24 Hawkeyes to Watch: Cory Clark

Nov. 5, 2015

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Editor’s note: 24 Hawkeyes to Watch is a feature released Wednesday, July 29, highlighting one athlete from each of the 24 intercollegiate sports offered by the University of Iowa. More than 700 talented student-athletes are currently busy preparing for the 2015-16 athletics year at the UI. Hawkeyesports.com will introduce you to 24 Hawkeyes who, for one reason or another, are poised to play a prominent role in the intercollegiate athletics program at the UI in the coming year.

By DARREN MILLER
hawkeyesports.com

IOWA CITY, Iowa — Cory Clark was in second grade with eyes on a four-foot wrestling trophy, a symbol of dominance that stood taller than he did at the time.

All Clark needed to do that day was continue his undefeated career and come out on top of a four-man bracket. He lost.

Life can be cruel, but Clark turned it in to a learning opportunity and found light from a dark moment.

24_Cory_Clark

“That was a turning point in my wrestling (career), because I didn’t really train that hard,” Clark said. “I was beating kids, but I didn’t have any technique. I just gritted it out.”

In elementary school, Clark was a tornado on the mat, gnashing his teeth and mean-mugging opponents before the opening whistle, then relying on headlocks for success. That changed after his first defeat.

“I needed to learn some technique,” Clark said.

He imitated his idols — Centerville’s T.J. Sebolt, a four-time state champion, Dan Gable, the Brands brothers, Brent Metcalf — and looked for leg attacks while learning the art of wrestling rather than winning with brute force.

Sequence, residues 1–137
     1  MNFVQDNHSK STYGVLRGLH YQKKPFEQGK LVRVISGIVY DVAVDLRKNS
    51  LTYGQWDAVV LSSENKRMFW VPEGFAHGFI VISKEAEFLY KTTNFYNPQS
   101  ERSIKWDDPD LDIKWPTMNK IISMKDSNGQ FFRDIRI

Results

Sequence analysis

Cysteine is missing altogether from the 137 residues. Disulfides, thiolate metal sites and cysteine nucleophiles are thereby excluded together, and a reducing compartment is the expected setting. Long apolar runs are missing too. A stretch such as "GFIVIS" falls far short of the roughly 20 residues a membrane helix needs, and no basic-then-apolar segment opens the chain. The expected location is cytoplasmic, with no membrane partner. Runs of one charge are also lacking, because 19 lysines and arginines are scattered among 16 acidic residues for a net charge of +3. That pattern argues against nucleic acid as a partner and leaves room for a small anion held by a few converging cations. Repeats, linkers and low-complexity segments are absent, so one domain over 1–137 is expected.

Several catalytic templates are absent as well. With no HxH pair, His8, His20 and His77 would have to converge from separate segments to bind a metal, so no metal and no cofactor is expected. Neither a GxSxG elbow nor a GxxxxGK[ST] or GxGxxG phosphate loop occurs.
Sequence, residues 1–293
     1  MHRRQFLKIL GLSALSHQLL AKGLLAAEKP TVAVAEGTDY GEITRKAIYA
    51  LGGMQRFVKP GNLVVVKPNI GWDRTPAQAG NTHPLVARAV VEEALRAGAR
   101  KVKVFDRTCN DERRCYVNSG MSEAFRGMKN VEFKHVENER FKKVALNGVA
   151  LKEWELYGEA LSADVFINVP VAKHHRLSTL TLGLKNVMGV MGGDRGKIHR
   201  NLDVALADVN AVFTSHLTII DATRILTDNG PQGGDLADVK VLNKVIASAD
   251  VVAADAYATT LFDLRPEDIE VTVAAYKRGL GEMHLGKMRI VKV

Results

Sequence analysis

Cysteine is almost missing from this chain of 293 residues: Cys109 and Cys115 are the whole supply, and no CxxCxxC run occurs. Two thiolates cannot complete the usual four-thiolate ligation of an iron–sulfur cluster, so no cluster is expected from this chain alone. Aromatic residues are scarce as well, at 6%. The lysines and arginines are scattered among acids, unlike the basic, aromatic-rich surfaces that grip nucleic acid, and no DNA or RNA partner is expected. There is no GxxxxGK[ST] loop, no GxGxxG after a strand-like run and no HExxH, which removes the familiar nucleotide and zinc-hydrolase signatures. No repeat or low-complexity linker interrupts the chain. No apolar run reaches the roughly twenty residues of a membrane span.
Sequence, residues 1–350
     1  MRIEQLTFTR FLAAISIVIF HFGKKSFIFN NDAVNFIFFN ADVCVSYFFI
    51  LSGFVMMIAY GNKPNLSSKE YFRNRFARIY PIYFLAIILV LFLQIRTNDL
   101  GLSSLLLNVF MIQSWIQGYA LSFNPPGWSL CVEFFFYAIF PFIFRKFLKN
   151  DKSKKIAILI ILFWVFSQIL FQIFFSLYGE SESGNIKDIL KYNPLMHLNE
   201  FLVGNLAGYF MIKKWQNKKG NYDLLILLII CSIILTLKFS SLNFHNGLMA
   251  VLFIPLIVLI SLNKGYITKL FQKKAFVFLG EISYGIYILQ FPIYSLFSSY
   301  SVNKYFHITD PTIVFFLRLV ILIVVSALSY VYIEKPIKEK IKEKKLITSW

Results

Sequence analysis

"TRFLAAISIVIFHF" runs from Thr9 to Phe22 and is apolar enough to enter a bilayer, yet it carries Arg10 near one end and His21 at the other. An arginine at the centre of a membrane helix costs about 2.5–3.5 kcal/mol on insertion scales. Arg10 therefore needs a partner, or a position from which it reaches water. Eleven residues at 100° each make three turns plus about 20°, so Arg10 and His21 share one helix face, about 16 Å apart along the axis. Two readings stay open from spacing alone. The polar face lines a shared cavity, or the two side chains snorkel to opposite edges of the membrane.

After eighth grade, Clark, a native of Pleasant Hill, Iowa, dropped all other sports and embraced the summer wrestling circuit. He won four state championships for Southeast Polk (103 pounds in 2009, 112 in 2010, 119 in 2011, and 126 in 2012) while compiling a record of 179-1.

“I wanted to be the best wrestler I could be and high school is when I tuned all into wrestling,” Clark said.

UI head wrestling coach Tom Brands noticed.

“The kid can flat-out wrestle and he loves wrestling,” Brands said.

A Hawkeye fan, Clark signed with the University of Iowa. He spent the 2012-13 season redshirting with two-time NCAA champion Matt McDonough in the varsity lineup. Clark went 20-2 competing unattached, including a 6-1 decision over Jesse Delgado of Illinois, who won the national title at 125 in 2013.

As a redshirt freshman in 2013-14, Clark and Thomas Gilman shared time at 125. An 8-0 dual record helped give Clark the postseason nod over Gilman and he finished 22-4 overall, fourth in the Big Ten Tournament, and fifth at NCAAs to earn his first All-America award.

Last season Clark moved up a weight class to 133 while Gilman solidified the spot at 125. Clark went 30-6, placing third at conference and runner-up at nationals. He was named the Mike Howard Most Valuable Wrestler for the Hawkeyes.

“When you’re a fan, you don’t get up and go get your ice cream during Cory Clark‘s match, that’s for dang sure,” Brands said. “I think Cory Clark is right there with the best in the history of this program, he is that good.”

“When you’re a fan, you don’t get up and go get your ice cream during Cory Clark’s match, that’s for dang sure. I think Cory Clark is right there with the best in the history of this program, he is that good.”